The fossil fuel industry knew about the effects of CO2 on the planet as early as 1977 when their scientists sounded the alarm, 11 years before it became public. This hasn’t prevented oil companies from increasing production and profiting heavily from the world’s reliance on and addiction to oil, nor has governments globally subsidized the industry year after year.
United States fossil fuel companies rake an estimated $20,000,000,000 a year in direct and indirect subsidies. However, calculating the cost of these subsidies remains challenging as the fossil fuel industry is complex, and these incentives stretch across the U.S. tax code. Examples of this complexity can be seen in the varying tax codes that the industry, directly and indirectly, benefits from. Some of these tax codes provide direct subsidies, such as the Intangible Drilling Costs deduction (26 U.S. Code § 263), Percentage Depletion (26 U.S.C § 613), and the Credit for Clean Coal Investments (Internal Revenue Code §48A). Indirect subsidies would include: Last In, First Out Accounting (26 U.S.C. § 472), Foreign Tax Credit (26 U.S.C. §901), Master Limited Partnerships (IRC §7704), and the Domestic Manufacturing Deduction (IRC § 199).
Over the past six years (2017-2022), profits from the top five U.S. fossil fuel companies have reached $953.14 billion. The year the Covid-19 pandemic began, these five companies saw their lowest profit of 80.38 billion dollars. Since then, profits have continued to rise. 2021 saw numbers similar to pre-pandemic levels, while 2022 saw a total gross profit of $273.55 billion, nearly double that of 2019. In the United States alone, more than 32 fossil fuel companies are increasing the industry’s total profit.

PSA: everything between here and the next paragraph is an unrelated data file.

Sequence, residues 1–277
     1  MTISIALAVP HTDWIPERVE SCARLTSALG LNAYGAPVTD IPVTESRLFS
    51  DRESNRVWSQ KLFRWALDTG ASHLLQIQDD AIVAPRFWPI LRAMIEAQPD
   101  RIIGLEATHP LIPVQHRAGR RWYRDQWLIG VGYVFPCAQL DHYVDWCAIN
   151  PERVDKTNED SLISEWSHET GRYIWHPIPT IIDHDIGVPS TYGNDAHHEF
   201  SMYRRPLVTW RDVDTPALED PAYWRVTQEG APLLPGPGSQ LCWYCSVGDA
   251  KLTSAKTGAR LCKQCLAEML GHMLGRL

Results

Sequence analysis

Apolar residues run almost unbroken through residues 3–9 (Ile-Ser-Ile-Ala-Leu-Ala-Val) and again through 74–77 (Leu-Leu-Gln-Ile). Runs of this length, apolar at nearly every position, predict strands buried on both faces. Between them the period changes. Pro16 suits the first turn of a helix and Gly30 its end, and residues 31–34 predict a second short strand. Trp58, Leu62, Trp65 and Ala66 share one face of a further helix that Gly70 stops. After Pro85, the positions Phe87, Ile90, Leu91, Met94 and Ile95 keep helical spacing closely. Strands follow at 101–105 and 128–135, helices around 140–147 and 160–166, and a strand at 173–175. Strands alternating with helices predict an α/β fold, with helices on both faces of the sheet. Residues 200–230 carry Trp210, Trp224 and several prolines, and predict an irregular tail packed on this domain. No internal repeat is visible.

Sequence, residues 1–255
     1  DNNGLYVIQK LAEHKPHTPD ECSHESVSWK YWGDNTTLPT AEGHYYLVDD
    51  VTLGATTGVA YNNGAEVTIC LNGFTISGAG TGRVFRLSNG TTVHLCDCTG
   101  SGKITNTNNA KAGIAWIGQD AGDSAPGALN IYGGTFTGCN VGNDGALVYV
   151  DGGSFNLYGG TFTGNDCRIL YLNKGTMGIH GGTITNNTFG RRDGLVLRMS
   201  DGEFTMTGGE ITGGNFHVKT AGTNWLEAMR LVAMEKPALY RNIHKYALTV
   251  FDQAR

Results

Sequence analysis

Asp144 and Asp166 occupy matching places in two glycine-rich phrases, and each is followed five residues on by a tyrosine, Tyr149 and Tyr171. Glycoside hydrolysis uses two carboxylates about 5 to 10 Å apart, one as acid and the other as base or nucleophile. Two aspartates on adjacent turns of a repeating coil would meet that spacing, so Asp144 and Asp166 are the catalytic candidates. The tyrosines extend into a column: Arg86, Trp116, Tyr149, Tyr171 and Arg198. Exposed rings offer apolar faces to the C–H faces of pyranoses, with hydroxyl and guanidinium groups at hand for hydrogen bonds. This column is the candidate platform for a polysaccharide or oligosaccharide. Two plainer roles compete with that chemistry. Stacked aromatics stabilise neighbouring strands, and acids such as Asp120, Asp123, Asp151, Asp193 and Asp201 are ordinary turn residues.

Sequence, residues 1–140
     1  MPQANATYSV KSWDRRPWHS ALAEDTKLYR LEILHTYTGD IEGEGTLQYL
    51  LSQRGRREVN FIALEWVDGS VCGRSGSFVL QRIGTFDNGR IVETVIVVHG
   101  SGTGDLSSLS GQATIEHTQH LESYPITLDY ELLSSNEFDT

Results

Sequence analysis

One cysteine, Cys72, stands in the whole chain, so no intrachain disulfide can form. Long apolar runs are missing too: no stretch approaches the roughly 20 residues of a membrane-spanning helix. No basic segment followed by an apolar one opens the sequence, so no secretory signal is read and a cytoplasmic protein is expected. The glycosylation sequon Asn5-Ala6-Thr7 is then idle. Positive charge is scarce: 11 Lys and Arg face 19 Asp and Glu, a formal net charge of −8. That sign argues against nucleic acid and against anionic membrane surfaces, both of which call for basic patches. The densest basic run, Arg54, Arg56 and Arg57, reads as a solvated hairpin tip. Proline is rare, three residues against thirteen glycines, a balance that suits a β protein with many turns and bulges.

There have been widespread calls to end oil subsidies to create a sustainable future. Condemnation against oil companies grew after gas prices rose at the pumps throughout 2022, coupled with record profits in the same year. In his 2022 State of the Union address, President Biden called Big Oil’s profits .’ Considering the administration has also approved 6,430 permits for oil drilling on public lands, this leaves one with slight apprehension as to whether the U.S. is up to the challenge to truly fight climate change. In President Biden’s 2024 budget, he has proposed eliminating some of the tax breaks that fossil fuel companies benefit from. In the coming year, $2.8 billion worth of tax incentives are proposed to be eliminated for fossil fuel companies, with a further USD 3.8 billion eliminated in 2025. From 2024 to 2028, the budget proposes eliminating USD 16.3 billion in fossil fuel tax preferences – an average of USD 3.2 billion annually. While this is a move in the right direction, commenters have pointed out the likely difficult task of the bill getting through both the House of Representatives and the Senate.
Needless to say, if the United States is serious about combating climate change, at the very least, oil subsidies need to end. The fact that the profit margins continue growing yearly only provides more evidence that they should. The real question remains whether it actually will or if Congress, with oil money campaign contributions, will lift a finger to create a future where subsidized profits don’t rule over people and communities.
This Post was submitted by Climate Scorecard US Country Manager Dave Schroeder